Increased anticholinergic medication use in middle-aged and older autistic adults and its associations with self-reported memory difficulties and cognitive decline

McQuaid, Goldie A.; Duane, Sean C.; Ahmed, Neha; Lee, Nancy Raitano; Charlton, Rebecca A and Wallace, Gregory L.. 2023. Increased anticholinergic medication use in middle-aged and older autistic adults and its associations with self-reported memory difficulties and cognitive decline. Autism Research, ISSN 1939-3792 [Article] (In Press)

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Abstract or Description

Many commonly used prescription and over-the-counter medicines have potent anticholinergic (AC) effects. Among older adults, AC medications are associated with cognitive impairment and risk for cognitive disorders, including Alzheimer's disease. Collectively, the impact of AC medications is known as anticholinergic cognitive burden (ACB). Because of the high rates of co-occurring medical and psychiatric conditions, autistic adults may have high AC exposure and, thus, may experience elevated ACB. However, no research has characterized AC exposure or examined its associations with cognitive outcomes in autistic adults. Autistic adults (40–83 years) recruited via Simons Powering Autism Research's (SPARK) Research Match service self-reported their medication use (N = 415) and memory complaints (N = 382) at Time (T)1. At T2, 2 years later, a subset of T1 participants (N = 197) self-reported on decline in cognition. Medications were coded using two scales of AC potency. A high proportion (48.2%–62.9%, depending upon the AC potency scale) of autistic adults reported taking at least one medication with AC effects, and 20.5% to 26.5% of autistic adults reported clinically-relevant levels of AC medication (potency ≥3). After controlling for birth-sex, and age, hierarchical linear regression models showed total ACB scores and AC potency values of ≥3 predicted greater memory complaints. Logistic regression models showed that AC medicines at T1 were associated with self-reported cognitive decline at follow-up 2 years later. Understanding AC medications—including potentially earlier AC polypharmacy—and their impacts on cognition (e.g., dementia risk) in autistic adults is warranted.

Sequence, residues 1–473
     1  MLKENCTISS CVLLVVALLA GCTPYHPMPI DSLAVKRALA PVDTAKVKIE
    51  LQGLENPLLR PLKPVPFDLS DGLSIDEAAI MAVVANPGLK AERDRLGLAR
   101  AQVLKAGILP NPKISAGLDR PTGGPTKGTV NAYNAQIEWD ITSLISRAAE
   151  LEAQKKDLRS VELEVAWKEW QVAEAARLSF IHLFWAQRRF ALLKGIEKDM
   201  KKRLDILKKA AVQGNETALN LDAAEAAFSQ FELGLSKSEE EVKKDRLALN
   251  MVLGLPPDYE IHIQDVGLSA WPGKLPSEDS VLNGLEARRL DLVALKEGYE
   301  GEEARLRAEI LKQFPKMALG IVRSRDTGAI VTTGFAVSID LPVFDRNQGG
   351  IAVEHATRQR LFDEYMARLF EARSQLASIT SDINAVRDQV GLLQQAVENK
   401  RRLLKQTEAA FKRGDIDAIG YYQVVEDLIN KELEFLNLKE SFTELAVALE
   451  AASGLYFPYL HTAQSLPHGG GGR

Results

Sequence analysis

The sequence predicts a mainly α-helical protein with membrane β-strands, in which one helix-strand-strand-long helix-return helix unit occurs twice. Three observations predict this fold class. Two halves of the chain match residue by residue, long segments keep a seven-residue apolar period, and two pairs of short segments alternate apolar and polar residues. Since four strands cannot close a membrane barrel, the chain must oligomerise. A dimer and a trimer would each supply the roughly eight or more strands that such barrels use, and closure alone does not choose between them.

Item Type:

Article

Identification Number (DOI):

https://doi.org/10.1002/aur.3076

Additional Information:

Funding information: This research was supported by start-up funds from the George Washington University to G.L.W. Support for writing this manuscript was provided by the Eunice Kennedy Shriver National Institute of Child Health and Human Development (under grant R21HD106164) to G.L.W. Support for writing this manuscript was provided by the Eunice Kennedy Shriver National Institute of Child Health and Human Development (under grants R21HD100997; R21HD106164) to N.R.L. Support for writing this manuscript was provided by the National Institute of Mental Health (under grant K01MH129622) to G.A.M.

Data Access Statement:

Approved researchers can apply for access to the deidentified phenotypic SPARK dataset at https://base.sfari.org.

Keywords:

adulthood, aging, anticholinergic, autism, cognition, medication, memory

Departments, Centres and Research Units:

Psychology

Dates:

DateEvent
18 November 2023Accepted
18 December 2023Published Online

Item ID:

34452

Date Deposited:

07 Dec 2023 15:01

Last Modified:

05 Jan 2024 15:11

Peer Reviewed:

Yes, this version has been peer-reviewed.

URI:

https://research.gold.ac.uk/id/eprint/34452

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